“Lines on My Face” was gorgeous and sparkled with guitar filigree. Frampton introduced it as an homage to his recently deceased bass player, John Regan. At times, Frampton’s soloing recalled David Gilmour’s elegiac playing or Larry Carlton’s virtuoso work and he allowed himself to be transported as a slideshow recapped moments from Regan’s life.
But it wasn’t all somber; everyone was on their feet for “Show Me the Way” as Frampton goofed around with his talk box and burnished the old radio chestnut. Before launching into “Crying Clown”, Frampton joked he wanted to hear a crowd response so strong that he could brag in other cities that they weren’t couldn’t compete with the Cincy crowd and the crowd enthusiastically complied, even before the song started. While the hit provided a familiar, sugary rush, the deeper cuts were a feast.
“All I Wanna Be (Is by Your Side)” was phenomenal. Frampton said that most people know the acoustic version, but it was originally recorded on electric and the change is thrilling. He was clearly touched by the crowd’s enthusiasm as he peeled off riff after fiery riff. He thanked the crowd over and over, happy to be performing again.
Among the Humble Pie and solo work, the band dropped in a few canny covers. “Georgia (On My Mind)” (“Hoagie Carmichael…he’s all over Tik Tok”) got recast as a long, bluesy vamp, erasing memories of Ray Charles’ pastoral version. Later, the band waged sonic war on a guitar-heavy bruising instrumental version of Soundgarden’s “Black Hole Sun”, complete with a bit of eerie, glitchy talk box at the end as an illustration of the late Chris Cornell gazed down. Fantastic.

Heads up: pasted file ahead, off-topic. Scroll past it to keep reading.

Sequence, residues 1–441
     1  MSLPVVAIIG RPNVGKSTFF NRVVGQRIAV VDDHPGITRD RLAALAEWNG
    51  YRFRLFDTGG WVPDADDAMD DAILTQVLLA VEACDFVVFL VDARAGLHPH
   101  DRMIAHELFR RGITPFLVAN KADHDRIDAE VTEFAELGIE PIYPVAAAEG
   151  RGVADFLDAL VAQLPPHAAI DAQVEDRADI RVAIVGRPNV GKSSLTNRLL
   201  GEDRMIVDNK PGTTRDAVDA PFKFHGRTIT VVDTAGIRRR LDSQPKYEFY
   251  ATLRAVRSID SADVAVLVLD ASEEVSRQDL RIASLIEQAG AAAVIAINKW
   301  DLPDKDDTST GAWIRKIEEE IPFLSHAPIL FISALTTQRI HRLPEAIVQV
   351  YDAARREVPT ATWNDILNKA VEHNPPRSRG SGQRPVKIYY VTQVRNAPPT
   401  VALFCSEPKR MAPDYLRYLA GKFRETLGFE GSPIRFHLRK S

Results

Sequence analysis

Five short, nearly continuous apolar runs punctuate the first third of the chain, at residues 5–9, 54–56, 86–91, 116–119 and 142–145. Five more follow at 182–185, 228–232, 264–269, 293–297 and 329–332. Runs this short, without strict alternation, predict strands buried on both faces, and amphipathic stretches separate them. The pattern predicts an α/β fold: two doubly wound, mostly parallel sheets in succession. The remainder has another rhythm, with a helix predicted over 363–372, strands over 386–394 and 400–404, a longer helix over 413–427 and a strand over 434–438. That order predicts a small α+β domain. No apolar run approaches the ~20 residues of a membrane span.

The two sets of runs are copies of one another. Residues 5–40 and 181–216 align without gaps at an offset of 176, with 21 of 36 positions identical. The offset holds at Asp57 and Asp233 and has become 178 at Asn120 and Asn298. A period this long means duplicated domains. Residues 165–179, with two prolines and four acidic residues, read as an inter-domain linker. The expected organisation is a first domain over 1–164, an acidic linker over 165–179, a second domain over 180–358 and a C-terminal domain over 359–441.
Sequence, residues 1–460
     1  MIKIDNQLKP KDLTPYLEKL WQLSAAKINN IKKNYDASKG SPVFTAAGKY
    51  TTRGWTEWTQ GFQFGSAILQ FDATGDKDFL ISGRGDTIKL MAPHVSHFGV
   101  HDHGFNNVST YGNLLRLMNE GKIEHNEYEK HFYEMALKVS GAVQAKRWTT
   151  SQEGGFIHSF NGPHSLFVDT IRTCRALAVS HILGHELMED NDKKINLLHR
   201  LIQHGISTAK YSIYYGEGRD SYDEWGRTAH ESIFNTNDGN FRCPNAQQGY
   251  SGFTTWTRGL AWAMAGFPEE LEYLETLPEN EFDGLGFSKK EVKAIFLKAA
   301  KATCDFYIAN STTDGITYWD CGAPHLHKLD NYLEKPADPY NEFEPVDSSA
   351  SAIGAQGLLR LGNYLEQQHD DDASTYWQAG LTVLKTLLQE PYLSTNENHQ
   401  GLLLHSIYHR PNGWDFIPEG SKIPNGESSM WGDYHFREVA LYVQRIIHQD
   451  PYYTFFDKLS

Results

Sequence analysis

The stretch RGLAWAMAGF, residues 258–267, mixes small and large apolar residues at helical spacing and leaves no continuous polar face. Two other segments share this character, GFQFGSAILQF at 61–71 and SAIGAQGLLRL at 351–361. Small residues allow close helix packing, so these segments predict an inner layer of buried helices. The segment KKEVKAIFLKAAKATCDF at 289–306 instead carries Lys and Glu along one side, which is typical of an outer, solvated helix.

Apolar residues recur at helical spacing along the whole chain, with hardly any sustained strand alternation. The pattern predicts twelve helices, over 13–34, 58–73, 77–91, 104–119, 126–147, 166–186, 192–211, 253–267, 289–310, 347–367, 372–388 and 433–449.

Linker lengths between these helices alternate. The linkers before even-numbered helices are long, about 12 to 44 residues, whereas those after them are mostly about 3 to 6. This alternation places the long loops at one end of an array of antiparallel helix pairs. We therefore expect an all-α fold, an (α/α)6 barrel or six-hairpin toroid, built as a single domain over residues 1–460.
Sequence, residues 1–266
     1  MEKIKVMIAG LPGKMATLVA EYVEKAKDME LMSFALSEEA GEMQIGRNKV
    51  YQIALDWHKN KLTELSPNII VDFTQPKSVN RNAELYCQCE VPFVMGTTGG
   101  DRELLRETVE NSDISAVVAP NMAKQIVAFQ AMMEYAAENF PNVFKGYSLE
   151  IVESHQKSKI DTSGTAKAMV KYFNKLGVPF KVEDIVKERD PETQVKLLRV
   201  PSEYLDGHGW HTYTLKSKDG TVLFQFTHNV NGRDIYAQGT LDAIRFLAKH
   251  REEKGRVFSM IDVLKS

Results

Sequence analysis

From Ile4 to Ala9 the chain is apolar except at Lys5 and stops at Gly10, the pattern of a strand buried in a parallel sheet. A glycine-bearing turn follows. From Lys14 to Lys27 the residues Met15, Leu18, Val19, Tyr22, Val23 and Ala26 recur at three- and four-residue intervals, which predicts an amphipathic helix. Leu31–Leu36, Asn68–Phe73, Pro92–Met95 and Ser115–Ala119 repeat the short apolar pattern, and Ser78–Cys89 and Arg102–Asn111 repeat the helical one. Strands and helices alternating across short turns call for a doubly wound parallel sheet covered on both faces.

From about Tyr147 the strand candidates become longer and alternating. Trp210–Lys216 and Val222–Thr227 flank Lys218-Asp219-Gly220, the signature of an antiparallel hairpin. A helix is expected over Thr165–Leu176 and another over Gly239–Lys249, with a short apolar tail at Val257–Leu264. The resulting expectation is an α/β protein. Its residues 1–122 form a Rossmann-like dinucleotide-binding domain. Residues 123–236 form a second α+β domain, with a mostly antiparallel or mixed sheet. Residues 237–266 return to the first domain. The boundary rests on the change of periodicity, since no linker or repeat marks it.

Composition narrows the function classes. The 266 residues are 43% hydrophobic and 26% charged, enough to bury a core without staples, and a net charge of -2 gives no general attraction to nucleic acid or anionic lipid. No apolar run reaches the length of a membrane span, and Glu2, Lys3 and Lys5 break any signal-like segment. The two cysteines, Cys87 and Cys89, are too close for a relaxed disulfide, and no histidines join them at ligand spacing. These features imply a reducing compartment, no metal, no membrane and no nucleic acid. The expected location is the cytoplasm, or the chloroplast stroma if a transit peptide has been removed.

The arguable highlight of a strong set was “I’ll Give You Money,” a firecracking rocker that turned into a showcase of guitar prowess as both guitarists repeatedly traded off solos and the insistent bass and drums pushed steadily and tried to hold the line.
The band closed out the main set with “Baby I Love Your Way” (a song Frampton claims he wrote in the afternoon after having written “Show Me the Way” in the morning). It’s a beautiful version, but decades of radio play have diluted the impact of hearing it a bit. Conversely, unleashed from the confines of radio speakers, “Do You Feel Like We Do” was a beast and gained huge power.
Instead of leaving the stage (“In the old days, we’d stumble off, do some drugs and come back and do three fast songs”), the band kicked into “I Want You to Love Me’ by Humble Pie followed by a blistering cover of Nickolas Ashford’s “I Don’t Need No Doctor” and, as a nightcap, a beautiful version of The Beatles’ “While My Guitar Gently Weeps” (whose original guitar solo overdub was played by Eric Clapton, another Ohio resident).
Hearing these terrific songs made me think how ripe they are for reinterpretation by other artists- imagine Black Crowes doing “All I Wanna Be (Is by Your Side)” or Chris Stapleton recrafting “Can’t Take Me Away” with his country leanings or maybe Cat Power. Heck yeah.
Be thankful for whatever reserve of strength Peter Frampton tapped into and that he’s still out there to surprise a new generation. Almost 50 years later, the songs still rock; Cassandra would be thrilled. Excellent.
Shine On (Humble Pie)
I Got My Eyes on You
Lines on My Face
Show Me the Way
The Crying Clown
Georgia (On My Mind)
All I Wanna Be (Is by Your Side)
Can't Take That Away
Black Hole Sun
(I'll Give You) Money
Baby, I Love Your Way
Do You Feel Like We Do
I Want You to Love Me
I Don't Need No Doctor
While My Guitar Gently Weeps